BALTIMORE -- Orioles starter Yovani Gallardo stood at his locker after his first start since his near two-month stint on the disabled list and smiled. It was good to be back on the mound, but perhaps more importantly, it was encouraging to get results he hadn't before he was sidelined
BALTIMORE -- Orioles starter Yovani Gallardo stood at his locker after his first start since his near two-month stint on the disabled list and smiled. It was good to be back on the mound, but perhaps more importantly, it was encouraging to get results he hadn't before he was sidelined with right shoulder/bicep tendinitis.
His five innings, during which he allowed two earned runs on five hits and four walks, weren't stunning. But he gave the bullpen a chance to keep the Orioles in front in their 4-2 win over Toronto on Saturday.
"I've been feeling pretty good ever since I started throwing the baseball," Gallardo said. "I made some pitches whenever I had to. It's just good to be back out there once again. We got the win. I think that's the most important thing, is [it's] a big win for us."
Gallardo entered Saturday's game with a 7.00 ERA, but that stemmed in part from his velocity being down before he was hurt. In his three rehab starts, his fastball seemed to have more life, and it showed Saturday at Camden Yards.
The righty consistently hit 90 mph with his fastball and touched 92-to-93 mph on the stadium's radar gun.
"I think just feeling a little bit stronger, from the shoulder," Gallardo said. "I did a lot of hard work. It's three weeks' worth of shoulder stuff, every other day. I think that's obviously, you know, it's been showing. Just the way the ball's coming out of my hand ... command-wise and that sort of thing."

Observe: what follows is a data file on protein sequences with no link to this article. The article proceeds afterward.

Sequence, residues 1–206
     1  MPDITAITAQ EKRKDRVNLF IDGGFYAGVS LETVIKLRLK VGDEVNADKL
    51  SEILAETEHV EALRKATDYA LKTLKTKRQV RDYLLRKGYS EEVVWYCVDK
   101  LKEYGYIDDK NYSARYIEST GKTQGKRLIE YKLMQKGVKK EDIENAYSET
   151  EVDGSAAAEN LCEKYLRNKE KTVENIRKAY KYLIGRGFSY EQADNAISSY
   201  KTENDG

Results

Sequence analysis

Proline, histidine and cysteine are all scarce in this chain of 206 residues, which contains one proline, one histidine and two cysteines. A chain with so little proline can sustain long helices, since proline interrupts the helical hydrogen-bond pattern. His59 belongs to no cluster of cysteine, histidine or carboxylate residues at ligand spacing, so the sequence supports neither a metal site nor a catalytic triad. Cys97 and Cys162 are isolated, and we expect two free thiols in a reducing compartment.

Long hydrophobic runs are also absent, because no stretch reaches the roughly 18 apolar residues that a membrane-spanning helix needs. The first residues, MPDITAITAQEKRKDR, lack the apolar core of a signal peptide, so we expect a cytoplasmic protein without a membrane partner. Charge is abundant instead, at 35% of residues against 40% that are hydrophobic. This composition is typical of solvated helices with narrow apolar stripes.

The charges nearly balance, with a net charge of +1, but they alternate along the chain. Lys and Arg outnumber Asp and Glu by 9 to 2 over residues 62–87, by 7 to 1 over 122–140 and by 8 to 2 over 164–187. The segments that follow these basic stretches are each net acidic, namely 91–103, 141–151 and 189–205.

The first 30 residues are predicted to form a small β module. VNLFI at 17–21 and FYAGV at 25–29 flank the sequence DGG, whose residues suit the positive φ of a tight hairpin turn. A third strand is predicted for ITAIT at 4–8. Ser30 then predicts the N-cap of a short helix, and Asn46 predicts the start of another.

When his velocity was down in Spring Training, the Orioles were hoping it would sort itself out in April like it does for some other veteran pitchers.
"There was some concern early on, but you thought his pitch ability and getting into the lights and the adrenaline of the season takes care of that a lot from experience," Orioles manager Buck Showalter said. "But it didn't. You knew he had an issue."
That issue seemed to be resolved Saturday as Gallardo stuck out five against a Toronto lineup that scored 13 runs the previous night.
In a rotation currently without a fifth starter, Gallardo's first outing in the Majors since April 22 held significant weight.
"To get that kind of start, I think it bodes well," Showalter said. "I'm excited about him the rest of the year."
Ryan Baillargeon is a reporter for MLB.com based in Baltimore.